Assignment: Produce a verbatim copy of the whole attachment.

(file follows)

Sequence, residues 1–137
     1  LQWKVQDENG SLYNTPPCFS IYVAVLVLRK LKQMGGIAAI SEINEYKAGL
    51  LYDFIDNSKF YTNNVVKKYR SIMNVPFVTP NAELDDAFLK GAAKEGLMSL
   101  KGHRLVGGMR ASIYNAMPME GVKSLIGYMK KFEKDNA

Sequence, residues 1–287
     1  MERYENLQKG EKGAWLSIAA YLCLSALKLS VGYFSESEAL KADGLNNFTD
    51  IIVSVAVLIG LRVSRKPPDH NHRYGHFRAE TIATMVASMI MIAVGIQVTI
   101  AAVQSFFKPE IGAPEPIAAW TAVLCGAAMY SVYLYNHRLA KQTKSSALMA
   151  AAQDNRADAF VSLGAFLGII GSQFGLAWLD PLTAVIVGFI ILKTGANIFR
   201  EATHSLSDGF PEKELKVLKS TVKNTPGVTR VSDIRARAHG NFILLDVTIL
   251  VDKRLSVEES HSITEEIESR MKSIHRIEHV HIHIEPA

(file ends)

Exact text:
Sequence, residues 1–137
     1  LQWKVQDENG SLYNTPPCFS IYVAVLVLRK LKQMGGIAAI SEINEYKAGL
    51  LYDFIDNSKF YTNNVVKKYR SIMNVPFVTP NAELDDAFLK GAAKEGLMSL
   101  KGHRLVGGMR ASIYNAMPME GVKSLIGYMK KFEKDNA

Sequence, residues 1–287
     1  MERYENLQKG EKGAWLSIAA YLCLSALKLS VGYFSESEAL KADGLNNFTD
    51  IIVSVAVLIG LRVSRKPPDH NHRYGHFRAE TIATMVASMI MIAVGIQVTI
   101  AAVQSFFKPE IGAPEPIAAW TAVLCGAAMY SVYLYNHRLA KQTKSSALMA
   151  AAQDNRADAF VSLGAFLGII GSQFGLAWLD PLTAVIVGFI ILKTGANIFR
   201  EATHSLSDGF PEKELKVLKS TVKNTPGVTR VSDIRARAHG NFILLDVTIL
   251  VDKRLSVEES HSITEEIESR MKSIHRIEHV HIHIEPA